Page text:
Allison Hubert

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Allison Hubert
Allison Hubert.jpg
Sport(s) Football, basketball, baseball
Biographical details
Born (1901-04-06)April 6, 1901
Meridian, Mississippi
Died February 26, 1978(1978-02-26) (aged 76)
Waynesboro, Georgia
Playing career
1922–1925 Alabama
Position(s) Fullback, quarterback
Coaching career (HC unless noted)
Football
1931–1936
1937–1946

Basketball
1932–1936
1936–1937
1942–1943

Baseball
1934–1935

Southern Miss
VMI


Southern Miss
VMI
VMI


Southern Miss
Head coaching record
Overall 69–69–13 (football)
35–49 (basketball)
3–12 (baseball)
Statistics
College Football Data Warehouse
Accomplishments and honors
Championships
2 Southern (1924, 1925)
Awards
2x All-Southern (1924, 1925)
College Football Hall of Fame
Inducted in 1964 (profile)

Allison T. "Pooley" Hubert (April 6, 1901 – February 26, 1978) was an All American American football player who played at the University of Alabama from 1922 to 1925. He later became the head football and basketball coach at the University of Southern Mississippi and the Virginia Military Institute. He was elected to the College Football Hall of Fame in 1964.

Pooley dropped out of high school to fight in World War I. He earned a scholarship to play football at Princeton University but arrived too late for the entrance exams. He tried a few other schools before ultimately enrolling at the University of Alabama as a 20-year-old freshman. By the time he was a 24-year-old senior, his teammates had begun calling him "Papa Pooley" because he was so much older than them.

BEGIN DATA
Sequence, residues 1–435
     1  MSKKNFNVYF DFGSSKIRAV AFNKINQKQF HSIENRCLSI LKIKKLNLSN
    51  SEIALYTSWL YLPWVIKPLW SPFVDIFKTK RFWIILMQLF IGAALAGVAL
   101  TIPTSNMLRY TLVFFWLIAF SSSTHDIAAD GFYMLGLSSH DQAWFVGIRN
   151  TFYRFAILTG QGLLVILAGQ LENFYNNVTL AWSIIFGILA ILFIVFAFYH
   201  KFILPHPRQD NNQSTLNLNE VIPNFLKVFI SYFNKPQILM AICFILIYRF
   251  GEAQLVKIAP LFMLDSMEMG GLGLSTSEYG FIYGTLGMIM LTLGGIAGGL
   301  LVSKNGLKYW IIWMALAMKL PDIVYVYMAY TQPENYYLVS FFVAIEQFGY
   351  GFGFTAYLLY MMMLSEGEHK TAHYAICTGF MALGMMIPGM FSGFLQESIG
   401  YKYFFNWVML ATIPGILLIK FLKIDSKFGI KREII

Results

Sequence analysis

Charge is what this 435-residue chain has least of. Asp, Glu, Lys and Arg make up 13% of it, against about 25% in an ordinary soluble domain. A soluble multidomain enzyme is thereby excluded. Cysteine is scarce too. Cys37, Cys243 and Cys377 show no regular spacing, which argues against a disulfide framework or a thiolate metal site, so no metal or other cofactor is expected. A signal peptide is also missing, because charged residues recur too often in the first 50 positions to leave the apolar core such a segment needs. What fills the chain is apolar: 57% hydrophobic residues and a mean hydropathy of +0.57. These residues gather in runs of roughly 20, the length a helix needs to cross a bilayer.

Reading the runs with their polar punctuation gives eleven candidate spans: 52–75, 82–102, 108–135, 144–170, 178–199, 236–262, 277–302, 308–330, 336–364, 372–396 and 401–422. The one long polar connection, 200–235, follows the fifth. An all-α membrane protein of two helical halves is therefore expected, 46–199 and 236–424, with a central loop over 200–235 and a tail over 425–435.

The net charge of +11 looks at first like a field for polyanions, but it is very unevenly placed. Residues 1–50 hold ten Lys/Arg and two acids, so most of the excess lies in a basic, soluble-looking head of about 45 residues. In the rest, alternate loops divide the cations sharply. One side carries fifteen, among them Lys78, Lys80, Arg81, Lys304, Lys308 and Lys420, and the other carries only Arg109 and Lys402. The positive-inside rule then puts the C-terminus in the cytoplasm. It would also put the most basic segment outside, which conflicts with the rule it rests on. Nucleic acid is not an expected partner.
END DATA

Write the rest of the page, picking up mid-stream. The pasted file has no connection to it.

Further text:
Pooley initially played tackle in college, but was eventually put in the backfield where he excelled at fullback and quarterback . He has been called the "greatest defensive back of all time." The climax of his college career was the final game in which he played a key role helping the Alabama win the 1925 national championship by defeating the Washington, 20–19, in the 1926 Rose Bowl.

He was a college football coach at Southern Miss, and VMI. From 1931 to 1936, he coached at Southern Miss, where he compiled a 26–24–5 record. From 1937 to 1946, he coached at VMI, where he compiled a 43–45–8 record. His 1938 squad set a school record with four ties. His best season came in 1940, when he went 7–2–1.

Head coaching record[edit]

Football[edit]

Year Team Overall Conference Standing Bowl/playoffs
Southern Miss Eagles (Independent) (1931–1936)
1931 Southern Miss 2–5
1932 Southern Miss 5–4
1933 Southern Miss 3–5–2
1934 Southern Miss 3–4–2
1935 Southern Miss 6–4
1936 Southern Miss 7–2–1
Southern Miss: 26–24–5
VMI Keydets (Southern Conference) (1937–1946)
1937 VMI 5–5 5–2 5th
1938 VMI 6–1–4 4–0–3 4th
1939 VMI 6–3–1 3–1–1 6th
1940 VMI 7–2–1 3–2–1 7th
1941 VMI 4–6 4–2 6th
1942 VMI 3–5–1 2–4–1 10th
1943 VMI 2–6 1–3 8th
1944 VMI 1–8 1–5 8th
1945 VMI 5–4 3–2 6th
1946 VMI 4–5–1 3–3–1 8th
VMI: 43–45–8 29–24–7
Total: 69–69–13

[1]

Basketball[edit]

Season Team Overall Conference Standing Postseason
Southern Miss Golden Eagles (Independent) (1932–1936)
1932–33 Southern Miss 4–10
1933–34 Southern Miss 7–6
1934–35 Southern Miss 3–9
1935–36 Southern Miss 7–5
Southern Miss: 21–30
VMI Keydets (Southern Conference) (1936–1937, 1942–1943)
1936–37 VMI 6–11 5–11 13th
1942–43 VMI 8–8 7–5 7th
VMI: 14–19 12–16
Total: 35–49

      National champion  
      Conference regular season champion         Conference regular season and conference tournament champion
      Division regular season champion       Division regular season and conference tournament champion
      Conference tournament champion

[2][3]

References[edit]

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